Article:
Today we want to talk about sowing and cultivation of spinach. As shown in the September calendar, this is the ideal time to start sowing this plant, as it prefers the cooler periods of the year to grow lush.
In this article, we will look at the nutritional properties and health benefits of Spinacia oleracea. We will also make an important distinction between consuming cooked and raw spinach. Finally, we will explain how to sow and cultivate them organically in your home garden or even in pots on the balcony, to always have this essential vegetable available for a natural diet.
Characteristics of the Spinach Plant
Spinach, scientifically known as Spinacia oleracea, is an herbaceous plant belonging to the Chenopodiaceae family.
It is a plant of Arab origin, used and cultivated since ancient times. Currently, it is grown from north to south in our country, especially in regions such as Lazio, Campania, Tuscany, Veneto, and Piedmont.
Spinach is composed of a set of leaves, approximately 20-30. These leaves, gathered in a rosette shape, develop from the base to the emergence of the floral scape.
Typically, in spinach cultivation, the basal leaves are large and fleshy. They have a long petiole and a blade that can be savoy or smooth, depending on the variety.
The leaf color, also depending on the variety, ranges from light green to dark green.
Spinach develops a deep reddish fibrous root at the collar. It is an annual plant that goes to seed after a certain period, depending on the cultivation season. Spinach flowers are very small, greenish in color. They can be female, present in axillary clusters, or male, gathered in spikes.
Now let’s see which are the main varieties that can be cultivated and which are most suitable for different seasons.
Spinach Cultivation: Varieties and Seasons
In general, spinach cultivation prefers a cool climate. The ideal period is autumn-winter and the one between the end of winter and spring. The thermal requirements of this plant are low. It is a so-called long-day plant, meaning it produces flowers and seeds very quickly when the daylight exceeds 14 hours. For this reason, it is better not to cultivate it in late spring and during the peak of summer. However, there are different varieties of spinach to be cultivated, each with its particular characteristics, suitable for different seasons.Let’s see what these different varieties are:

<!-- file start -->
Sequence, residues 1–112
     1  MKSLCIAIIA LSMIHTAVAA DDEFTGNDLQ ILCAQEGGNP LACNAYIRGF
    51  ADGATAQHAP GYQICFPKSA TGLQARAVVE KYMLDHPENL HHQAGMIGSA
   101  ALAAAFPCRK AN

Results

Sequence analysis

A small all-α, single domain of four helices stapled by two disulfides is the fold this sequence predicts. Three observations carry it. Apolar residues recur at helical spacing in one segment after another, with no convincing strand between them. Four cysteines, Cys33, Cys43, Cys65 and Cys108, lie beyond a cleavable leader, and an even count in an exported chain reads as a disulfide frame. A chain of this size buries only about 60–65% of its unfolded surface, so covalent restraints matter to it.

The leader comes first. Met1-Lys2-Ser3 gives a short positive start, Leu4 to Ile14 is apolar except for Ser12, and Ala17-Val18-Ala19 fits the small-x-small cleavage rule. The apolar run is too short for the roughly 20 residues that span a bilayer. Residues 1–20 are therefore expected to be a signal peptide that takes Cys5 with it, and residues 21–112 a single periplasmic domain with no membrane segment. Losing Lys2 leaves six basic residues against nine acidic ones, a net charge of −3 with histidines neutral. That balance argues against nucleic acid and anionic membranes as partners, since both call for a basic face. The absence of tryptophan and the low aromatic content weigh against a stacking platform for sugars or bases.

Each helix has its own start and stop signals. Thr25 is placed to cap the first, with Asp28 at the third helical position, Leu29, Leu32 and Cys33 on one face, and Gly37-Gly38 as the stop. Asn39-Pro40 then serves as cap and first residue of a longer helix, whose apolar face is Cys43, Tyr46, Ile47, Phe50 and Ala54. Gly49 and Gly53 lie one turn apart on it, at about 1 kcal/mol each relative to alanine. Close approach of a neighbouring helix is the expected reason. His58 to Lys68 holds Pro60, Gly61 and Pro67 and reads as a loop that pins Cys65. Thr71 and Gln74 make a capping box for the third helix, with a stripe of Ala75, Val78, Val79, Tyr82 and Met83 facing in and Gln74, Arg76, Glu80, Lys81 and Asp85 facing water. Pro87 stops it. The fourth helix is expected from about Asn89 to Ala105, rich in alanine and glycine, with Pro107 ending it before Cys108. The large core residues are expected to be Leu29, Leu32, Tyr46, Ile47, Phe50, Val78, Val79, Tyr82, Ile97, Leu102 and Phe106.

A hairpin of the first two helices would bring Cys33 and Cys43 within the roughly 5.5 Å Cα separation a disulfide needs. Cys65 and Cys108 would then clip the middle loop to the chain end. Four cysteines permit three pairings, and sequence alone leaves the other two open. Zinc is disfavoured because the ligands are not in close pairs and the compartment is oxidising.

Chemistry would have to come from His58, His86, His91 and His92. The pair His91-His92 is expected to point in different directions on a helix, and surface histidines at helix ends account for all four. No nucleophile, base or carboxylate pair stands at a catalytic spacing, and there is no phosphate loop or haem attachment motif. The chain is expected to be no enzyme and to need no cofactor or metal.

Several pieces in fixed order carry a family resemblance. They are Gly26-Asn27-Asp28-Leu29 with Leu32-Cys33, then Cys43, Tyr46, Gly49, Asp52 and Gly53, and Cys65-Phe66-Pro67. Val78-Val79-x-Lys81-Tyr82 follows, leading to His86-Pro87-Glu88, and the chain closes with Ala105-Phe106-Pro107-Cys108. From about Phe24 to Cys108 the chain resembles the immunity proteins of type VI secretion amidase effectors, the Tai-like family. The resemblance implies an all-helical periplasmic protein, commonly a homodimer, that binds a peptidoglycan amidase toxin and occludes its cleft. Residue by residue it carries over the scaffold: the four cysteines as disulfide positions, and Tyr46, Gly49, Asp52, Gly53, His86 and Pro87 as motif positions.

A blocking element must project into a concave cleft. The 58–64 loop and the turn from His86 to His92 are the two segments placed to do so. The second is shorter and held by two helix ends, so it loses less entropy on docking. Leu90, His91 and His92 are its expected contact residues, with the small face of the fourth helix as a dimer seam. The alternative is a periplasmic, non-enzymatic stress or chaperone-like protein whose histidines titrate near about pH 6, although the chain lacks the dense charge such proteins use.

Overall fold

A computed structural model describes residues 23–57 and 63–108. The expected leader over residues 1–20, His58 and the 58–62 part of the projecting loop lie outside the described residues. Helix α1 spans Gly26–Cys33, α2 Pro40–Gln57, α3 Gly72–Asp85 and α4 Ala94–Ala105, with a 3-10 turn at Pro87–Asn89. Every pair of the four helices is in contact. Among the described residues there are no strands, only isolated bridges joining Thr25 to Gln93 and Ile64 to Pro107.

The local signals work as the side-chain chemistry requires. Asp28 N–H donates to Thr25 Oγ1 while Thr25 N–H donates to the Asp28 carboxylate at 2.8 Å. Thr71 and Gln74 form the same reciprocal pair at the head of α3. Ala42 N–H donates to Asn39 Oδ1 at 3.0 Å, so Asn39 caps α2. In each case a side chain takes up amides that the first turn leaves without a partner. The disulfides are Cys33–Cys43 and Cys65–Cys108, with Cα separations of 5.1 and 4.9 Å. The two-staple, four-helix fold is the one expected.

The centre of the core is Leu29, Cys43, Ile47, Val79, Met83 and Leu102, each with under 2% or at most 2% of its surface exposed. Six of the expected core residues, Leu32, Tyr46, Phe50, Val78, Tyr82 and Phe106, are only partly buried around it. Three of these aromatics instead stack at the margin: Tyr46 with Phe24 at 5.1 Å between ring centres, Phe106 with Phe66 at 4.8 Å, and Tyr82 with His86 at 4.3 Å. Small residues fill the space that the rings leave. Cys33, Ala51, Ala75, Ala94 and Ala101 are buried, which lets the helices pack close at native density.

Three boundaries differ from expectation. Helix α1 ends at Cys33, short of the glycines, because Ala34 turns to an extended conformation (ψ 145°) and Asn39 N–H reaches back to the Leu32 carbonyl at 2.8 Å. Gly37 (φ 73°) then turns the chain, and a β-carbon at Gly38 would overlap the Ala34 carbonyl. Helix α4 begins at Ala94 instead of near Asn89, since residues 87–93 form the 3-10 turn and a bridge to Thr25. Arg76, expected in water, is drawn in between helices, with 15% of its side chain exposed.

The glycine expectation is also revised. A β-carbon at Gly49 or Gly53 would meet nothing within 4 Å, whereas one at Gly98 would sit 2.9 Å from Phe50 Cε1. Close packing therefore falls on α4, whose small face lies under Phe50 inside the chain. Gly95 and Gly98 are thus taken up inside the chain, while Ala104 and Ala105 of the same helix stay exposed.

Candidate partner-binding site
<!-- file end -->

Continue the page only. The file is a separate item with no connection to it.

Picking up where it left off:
- Giant of winter: This variety, as the name suggests, is particularly suitable for autumn and even winter sowings. It has very large and blistered, fleshy leaves of dark green color.
- Matador: It is one of the best varieties to cultivate from spring to early summer. It takes longer to go to seed, making it suitable for the spring season. This variety has large, broad, and dark leaves that grow rapidly. It also has excellent resistance to intense cold, so it can be grown in autumn as well.
- Viraflay variety: This variety can be considered “four seasons.” However, it expresses its best characteristics when sown in autumn, with harvesting in November-December. It has very large, tender, and tasty leaves, which can reach up to 25 cm in width at the base. This ancient variety, given its extreme vigor, is still sought after and appreciated by growers.
Nutritional Aspects of Spinach
In considering the nutritional aspects and health benefits of spinach for the body, we will refer to consumption as it is, meaning raw spinach, ideal as a base for mixed salads. Raw consumption preserves all the nutritional values we are referring to. As a result, the beneficial properties for the body are greater. Spinach is a food rich in elements. Today, it is famous for its iron content, although iron is not the main nutrient. An error in a publication from the late 1800s attributed a value of 30 mg of iron per 100 g of spinach instead of the actual 3 mg, which is 10 times less. This high value became legendary thanks to the Popeye comic strip, and the ability attributed to spinach to form muscles. But let’s see what the actual nutritional values are.
First of all, raw spinach contains only 31 kcal per 100 g, so it can be consumed without limitations in a low-calorie diet. The interesting data, referring to 100 g, concerns the high protein content (3.4 g) and fiber content (1.9 g). Spinach contains vitamins, particularly vitamin A as retinol eq. (485 µg), vitamin C (54 mg). They are also very rich in minerals: iron (2.9 mg), sodium (100 mg), potassium (530 mg), calcium (78 mg), phosphorus (62 mg), magnesium (60 mg), zinc (1.43 mg), copper, and selenium in smaller quantities.